Last month, I helped a client re-design their medical training sessions so that they were more interesting and more interactive. As with many training sessions in medicine, it was important for the presenters to cover all of the steps because the safety of the patient was involved. However, when we deliver many, many steps in a single class, participants are likely to forget important parts or become confused. So, we helped this client develop training sessions that increased attendee retention and made it easier for the presenter to deliver as well. So, this podcast covers what we did. In addition, we have a new Techfind that is a great playlist of TedTalks that can help you design and deliver better presentations as well.

TechFind! Before Public Speaking Playlist from TedTalks

Creating TED Talks If you’ve been listening to our podcasts a while, you know that we often try to have our TechFinds cover gadgets or equipment that can make presenting easier. However, this week, we found a really helpful video playlist from TedTalks. Obviously, TedTalks is a great place to go to learn new skills or to find new ideas. However, if you are like me, it is easy to get get lost in all of the different pieces of content and “rabbit chase” from one video to another. So, TedTalks have created specific playlists that all revolve around a certain concept, idea, or skill. This playlist is about how to organize your presentations better. Have fun exploring!

How to Teach a Process that Has a Bunch of Steps

How to Teach a Process that has a Bunch of Steps As a review, if you want people to enjoy and retain the content of your presentation, focus on just a few key points and cover them well. You can use stories, examples, analogies and other Impact Ideas to reinforce your key points. However, what happens when you are legally required to cover a lot of steps in a process? Although some steps may be more important than others, if you skip even minor steps, the whole process breaks down. Well, we know that if you just cover a bunch of steps in a single sitting, most of your audience will forget what you have said. In addition, others will likely be confused once you leave. Below are a few things that you can do to increase retention and make the delivery much easier.

Break the Steps Down into Bite-Sized Pieces

Instead of trying to cover 36 steps in one hour, you’ll get better results if you can cover 12 steps per hour over a three-hour period. Just take a short break in between each session. That is still a lot of content in a short time, so you will get even better retention if you break the 12 steps into three sessions with four steps covered in each session. Sure, it will take two days to cover all of the content, but the retention will increase dramatically. This process allows the participants to master each part of the process before moving to the next step.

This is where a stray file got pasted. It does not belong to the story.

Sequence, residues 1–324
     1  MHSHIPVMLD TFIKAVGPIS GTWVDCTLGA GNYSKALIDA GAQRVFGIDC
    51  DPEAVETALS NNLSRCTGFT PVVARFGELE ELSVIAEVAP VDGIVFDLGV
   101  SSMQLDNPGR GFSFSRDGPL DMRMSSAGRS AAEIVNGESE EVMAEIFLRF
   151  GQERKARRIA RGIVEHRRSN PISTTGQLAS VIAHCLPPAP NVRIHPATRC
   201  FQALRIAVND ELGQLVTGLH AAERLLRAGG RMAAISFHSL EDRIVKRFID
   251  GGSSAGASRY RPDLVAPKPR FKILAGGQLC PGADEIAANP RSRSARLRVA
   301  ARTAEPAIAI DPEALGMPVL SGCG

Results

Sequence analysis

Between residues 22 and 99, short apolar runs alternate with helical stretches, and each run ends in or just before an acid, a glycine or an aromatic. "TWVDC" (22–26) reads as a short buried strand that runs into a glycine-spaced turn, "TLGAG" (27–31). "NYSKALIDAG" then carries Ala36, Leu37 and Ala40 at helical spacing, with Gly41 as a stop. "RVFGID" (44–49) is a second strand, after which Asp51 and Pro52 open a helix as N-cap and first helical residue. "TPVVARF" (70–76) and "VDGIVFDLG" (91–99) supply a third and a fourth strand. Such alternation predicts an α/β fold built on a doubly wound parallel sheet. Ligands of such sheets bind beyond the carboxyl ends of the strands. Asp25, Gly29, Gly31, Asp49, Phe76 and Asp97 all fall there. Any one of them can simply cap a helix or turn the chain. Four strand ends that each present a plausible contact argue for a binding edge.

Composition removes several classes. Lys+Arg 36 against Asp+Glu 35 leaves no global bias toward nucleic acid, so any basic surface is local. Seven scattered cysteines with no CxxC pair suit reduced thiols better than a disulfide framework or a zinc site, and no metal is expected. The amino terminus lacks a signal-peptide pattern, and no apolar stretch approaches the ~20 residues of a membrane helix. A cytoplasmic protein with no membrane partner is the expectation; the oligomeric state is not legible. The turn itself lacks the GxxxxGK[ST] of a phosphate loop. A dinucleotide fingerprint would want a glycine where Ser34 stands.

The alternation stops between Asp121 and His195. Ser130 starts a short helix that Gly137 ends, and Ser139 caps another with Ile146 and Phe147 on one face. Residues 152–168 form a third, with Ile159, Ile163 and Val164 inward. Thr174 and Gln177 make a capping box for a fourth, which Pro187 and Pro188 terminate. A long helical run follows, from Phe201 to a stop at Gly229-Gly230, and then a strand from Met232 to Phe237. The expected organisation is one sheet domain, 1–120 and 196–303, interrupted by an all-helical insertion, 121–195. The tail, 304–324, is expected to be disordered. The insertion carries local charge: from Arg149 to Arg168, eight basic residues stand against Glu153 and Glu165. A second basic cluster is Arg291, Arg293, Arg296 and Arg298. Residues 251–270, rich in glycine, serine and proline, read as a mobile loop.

Alternatively, if some of the steps are simple to follow but important to the process, just combine them into a single teaching point. For instance if the steps to refueling my car are (1) press the fuel cover button next to the driver’s seat, (2) remove the gas cap, (3) insert your credit card into the station pump, (4) input your zip code, (5) select the grade of gas, (6) insert gas nozzle into gas tank, (7) begin fueling, (8) wait for pump to automatically shut off, (9) remove nozzle and replace on pump, (10) replace gas cap, (11) shut fuel cover, I could sum all of those simple steps up by creating a bullet point called “Refuel Your Car”. I could then use images or an in-person demonstration to explain each step. I wouldn’t need to make a separate bullet point or slide for each of the steps.

Use “Impact Ideas” to Reinforce Content

Whichever way that you decide to deliver the key concepts, it is important to reinforce them to increase retention. Examples and stories are a great way to reinforce your key points. Remember that you don’t need a separate example for each of the 36 steps in the process. A single story can often reinforce a number of these steps at the same time. Analogies, demonstrations, videos, posters, and the like can also help.

Follow these Tips to Create a Great Eulogy

What happens if you have to deliver all 36 steps, though, and you only have one short class to deliver all of the steps? In that case, it may be important to cover the entire process in a quick, and cursory way, but then go back and cover a few of the steps in a little more detail. I’d suggest covering the three steps that are most important to the success of the audience.

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